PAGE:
'Grief after Suicide' Promises To Be Classic Text

Grief after Suicide: Understanding the Consequences and Caring for the Survivors, edited by John R. Jordan and John L. McIntosh, is a groundbreaking book featuring in-depth coverage of every aspect of suicide grief support. The book's goals, according to its editors,

are to establish not only what is known about suicide survivors and postvention efforts to assist them, but also to draw attention to vital information that is not known but would help us to better understand and assist survivors of suicide ... [including] recommendations for future research and postvention goals for the future.

The editors and more than 40 contributors to the book's chapters solidly accomplish those goals, covering in-depth and comprehensively the most up-to-date information about an impressive range of topics of interest to people working with the suicide bereaved. The editors begin by asking and attempting to answer several fundamental questions:

  • The title of Chapter One asks: "Why study survivors of suicide loss?" And the editors answer: Because "considerable and compelling evidence now shows that exposure to suicide carries with it the risk ... [of] the elevated likelihood for suicide in a person exposed to the suicide of another individual ... [and because] there is also evidence of other negative psychological, physical, and social consequences of exposure to suicide."
  • The title of Chapter Two poses this question: "Is suicide bereavement different?" Answer: "Recent research and theoretical advances in thanatology have led us toward what we believe is a more nuanced and satisfying way to address this issue. In short, we propose that the correct answer to the question should be 'it all depends on what aspect of the bereavement experience is being studied.'" And the editors go on to propose a view that emphasizes, at the same time, not only the differences among bereavement after all types of fatalities but also the similarities among people's grief experiences regardless of the mode of death, which indeed is a useful way, practically speaking, to approach assisting the suicide bereaved.

They follow with authoritative chapters on the impact of suicide on adults, children and adolescents, and on professional caregivers, and continue with wide-ranging coverage of how survivors can be helped, including a chapter on meaning making co-authored with Jordan by Diana Sands and Robert Neimeyer and Jordan's own chapter on "Principles of Grief Counseling with Adult Survivors," which could stand alone as a definitive primer on the subject. The chapter includes, for instance, Jordan's observations about "bearing witness" as one of the essential functions of a caregiver who is assisting a survivor of suicide loss:

The function of bearing witness to the story of the client requires a stance of humility and "beginner's mind" (a reference to Buddhist thinking that entails approaching an experience without preconception about what it means or what will happen -- in this case, about what the loss means to the client or what they will need therapeutically from the clinician) ... However, this alone is often not sufficient to help with the healing of most clients and must be counterbalanced with its exact opposite -- a clinician who knows more about the experience of traumatic loss and what the client needs than does the client him- or herself.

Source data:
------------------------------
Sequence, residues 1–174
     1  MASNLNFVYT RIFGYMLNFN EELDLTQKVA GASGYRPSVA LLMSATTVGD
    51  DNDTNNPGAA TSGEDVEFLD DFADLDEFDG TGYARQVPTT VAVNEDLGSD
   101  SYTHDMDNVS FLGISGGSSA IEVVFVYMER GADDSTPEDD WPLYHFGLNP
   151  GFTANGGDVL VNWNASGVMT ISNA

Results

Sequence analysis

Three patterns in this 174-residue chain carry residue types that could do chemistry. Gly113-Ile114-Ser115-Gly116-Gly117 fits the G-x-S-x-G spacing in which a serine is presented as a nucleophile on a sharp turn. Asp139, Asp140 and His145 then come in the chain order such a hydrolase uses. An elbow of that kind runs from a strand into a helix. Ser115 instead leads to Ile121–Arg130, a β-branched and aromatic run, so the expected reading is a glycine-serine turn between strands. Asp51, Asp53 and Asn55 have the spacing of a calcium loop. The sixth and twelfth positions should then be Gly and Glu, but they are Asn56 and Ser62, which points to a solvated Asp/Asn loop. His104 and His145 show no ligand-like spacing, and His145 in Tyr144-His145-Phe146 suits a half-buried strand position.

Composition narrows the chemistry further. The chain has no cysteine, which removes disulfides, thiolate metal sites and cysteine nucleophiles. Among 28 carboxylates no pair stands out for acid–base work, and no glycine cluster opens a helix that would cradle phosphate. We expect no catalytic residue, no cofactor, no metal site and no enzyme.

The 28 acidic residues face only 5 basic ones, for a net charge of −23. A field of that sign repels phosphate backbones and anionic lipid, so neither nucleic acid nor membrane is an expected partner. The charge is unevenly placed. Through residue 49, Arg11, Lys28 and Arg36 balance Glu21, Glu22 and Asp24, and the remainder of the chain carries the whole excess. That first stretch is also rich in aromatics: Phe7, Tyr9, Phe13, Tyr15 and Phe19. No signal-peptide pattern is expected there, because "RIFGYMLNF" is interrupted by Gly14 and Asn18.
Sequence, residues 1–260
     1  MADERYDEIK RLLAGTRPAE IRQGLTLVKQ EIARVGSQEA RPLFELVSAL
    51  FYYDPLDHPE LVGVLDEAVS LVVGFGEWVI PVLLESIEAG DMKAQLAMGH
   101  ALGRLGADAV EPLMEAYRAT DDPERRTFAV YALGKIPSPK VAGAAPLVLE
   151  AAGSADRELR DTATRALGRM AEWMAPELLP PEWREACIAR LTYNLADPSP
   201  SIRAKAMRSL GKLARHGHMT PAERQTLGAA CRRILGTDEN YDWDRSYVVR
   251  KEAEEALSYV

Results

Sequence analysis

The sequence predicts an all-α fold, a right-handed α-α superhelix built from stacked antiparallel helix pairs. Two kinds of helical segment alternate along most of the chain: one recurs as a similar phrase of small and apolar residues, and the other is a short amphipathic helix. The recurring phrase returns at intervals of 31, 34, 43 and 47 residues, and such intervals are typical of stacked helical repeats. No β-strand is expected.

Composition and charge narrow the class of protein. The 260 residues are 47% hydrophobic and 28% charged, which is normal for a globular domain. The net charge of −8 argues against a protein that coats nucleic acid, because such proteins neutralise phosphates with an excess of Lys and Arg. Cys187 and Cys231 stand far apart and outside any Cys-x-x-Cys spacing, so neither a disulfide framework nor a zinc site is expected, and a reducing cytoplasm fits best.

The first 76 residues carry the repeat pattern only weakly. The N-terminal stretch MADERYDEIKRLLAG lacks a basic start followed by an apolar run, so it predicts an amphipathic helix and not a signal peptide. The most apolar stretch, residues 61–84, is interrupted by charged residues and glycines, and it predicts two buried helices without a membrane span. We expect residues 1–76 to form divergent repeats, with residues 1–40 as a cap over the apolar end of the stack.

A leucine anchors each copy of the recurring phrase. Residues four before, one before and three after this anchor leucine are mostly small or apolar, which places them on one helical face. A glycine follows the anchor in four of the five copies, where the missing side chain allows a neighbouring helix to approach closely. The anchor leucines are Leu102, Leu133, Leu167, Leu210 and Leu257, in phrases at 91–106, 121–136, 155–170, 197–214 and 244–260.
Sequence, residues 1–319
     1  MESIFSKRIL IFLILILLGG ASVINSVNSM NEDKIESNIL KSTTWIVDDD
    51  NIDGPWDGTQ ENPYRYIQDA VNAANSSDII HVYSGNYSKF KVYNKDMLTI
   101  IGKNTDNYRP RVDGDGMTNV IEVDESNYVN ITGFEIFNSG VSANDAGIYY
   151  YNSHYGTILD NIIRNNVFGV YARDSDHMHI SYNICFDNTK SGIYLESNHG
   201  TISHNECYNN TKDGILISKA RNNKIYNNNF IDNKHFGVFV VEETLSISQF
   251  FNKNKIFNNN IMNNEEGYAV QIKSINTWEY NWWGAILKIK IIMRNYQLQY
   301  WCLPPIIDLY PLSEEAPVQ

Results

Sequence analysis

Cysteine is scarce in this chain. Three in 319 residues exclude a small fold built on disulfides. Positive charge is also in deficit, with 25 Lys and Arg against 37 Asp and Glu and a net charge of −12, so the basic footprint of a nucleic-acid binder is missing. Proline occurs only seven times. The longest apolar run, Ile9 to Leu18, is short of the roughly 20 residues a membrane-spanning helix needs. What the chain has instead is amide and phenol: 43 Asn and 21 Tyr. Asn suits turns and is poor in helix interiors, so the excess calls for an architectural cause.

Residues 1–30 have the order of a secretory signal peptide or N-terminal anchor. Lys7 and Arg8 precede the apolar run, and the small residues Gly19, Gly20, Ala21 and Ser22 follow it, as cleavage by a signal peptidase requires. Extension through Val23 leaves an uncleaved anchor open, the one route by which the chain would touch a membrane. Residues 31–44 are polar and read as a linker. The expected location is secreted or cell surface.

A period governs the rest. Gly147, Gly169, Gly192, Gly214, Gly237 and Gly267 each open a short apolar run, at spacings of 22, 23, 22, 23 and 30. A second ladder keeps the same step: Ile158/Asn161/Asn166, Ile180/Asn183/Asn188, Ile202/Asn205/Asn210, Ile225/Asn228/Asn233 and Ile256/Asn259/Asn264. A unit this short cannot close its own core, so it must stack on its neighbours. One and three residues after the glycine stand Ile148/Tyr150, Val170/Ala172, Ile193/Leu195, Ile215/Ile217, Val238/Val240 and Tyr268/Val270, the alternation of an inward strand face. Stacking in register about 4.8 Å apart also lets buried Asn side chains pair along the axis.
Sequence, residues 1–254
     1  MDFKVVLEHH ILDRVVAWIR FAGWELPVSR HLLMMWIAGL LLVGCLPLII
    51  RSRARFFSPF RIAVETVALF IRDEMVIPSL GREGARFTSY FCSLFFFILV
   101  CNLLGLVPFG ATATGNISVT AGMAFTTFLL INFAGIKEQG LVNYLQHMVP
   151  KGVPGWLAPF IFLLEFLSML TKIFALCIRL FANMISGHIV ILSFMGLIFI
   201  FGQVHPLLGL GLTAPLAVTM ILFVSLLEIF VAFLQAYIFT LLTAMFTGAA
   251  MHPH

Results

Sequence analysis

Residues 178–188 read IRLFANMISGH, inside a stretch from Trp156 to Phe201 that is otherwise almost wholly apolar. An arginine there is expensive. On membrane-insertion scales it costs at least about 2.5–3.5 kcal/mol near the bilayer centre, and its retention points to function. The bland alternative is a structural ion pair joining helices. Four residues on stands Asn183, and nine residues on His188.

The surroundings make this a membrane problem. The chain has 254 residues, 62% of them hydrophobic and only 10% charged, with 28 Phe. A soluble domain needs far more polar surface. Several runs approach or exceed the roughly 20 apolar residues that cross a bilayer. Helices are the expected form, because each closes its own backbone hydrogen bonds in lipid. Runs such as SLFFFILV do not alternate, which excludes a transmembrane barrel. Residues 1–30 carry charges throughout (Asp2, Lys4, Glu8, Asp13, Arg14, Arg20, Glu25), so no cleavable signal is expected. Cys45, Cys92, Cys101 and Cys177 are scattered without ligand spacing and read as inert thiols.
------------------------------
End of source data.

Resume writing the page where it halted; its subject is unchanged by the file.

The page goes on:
The editors invited contributions from more than a dozen directors of promising programs that have worked with survivors on grief issues in the United States and half a dozen program directors from around the world, which makes the book a unique survey of actual practices in the field. Included among the examples are chapters by Frank Campbell on the LOSS Team (Active Postvention Model), LaRita Archibald on HEARTBEAT Survivors after Suicide, and Jill Harrington-LaMorie and Kim Ruocco on the military-veteran focused Tragedy Assistance Program for Survivors (TAPS).

The book closes rather provocatively with a chapter titled "Going Forward: A Research Agenda for Suicide Survivors" and another titled "A Call to Action: Building Clinical and Programmatic Support for Suicide Survivors," which clearly -- and boldly -- outline ...

... considerations that are needed to move survivor research forward" and "enumerate several goals for [a] 'survivor movement' going forward over the next 10 years, and propose specific programmatic steps that we believe will continue this remarkable process of social change.

Certainly, the book is intended for clinicians and researchers, but anyone with a serious interest in supporting the suicide bereaved -- individually or organizationally -- would gain a great deal from its content, for it promises to be a classic in the field and has clearly established an important baseline for our understanding of helping survivors of suicide loss.


Review by Franklin Cook, SAVE, Director of Survivor and Bereavement Programs
This review may be linked to at http://suicidegrief.save.org/node/2973 or reprinted in its entirety without permission -- but not for commercial purposes -- as long as the author credit and copyright notice accompany the article.
© 2012, SAVE -- Suicide Awareness Voices of Education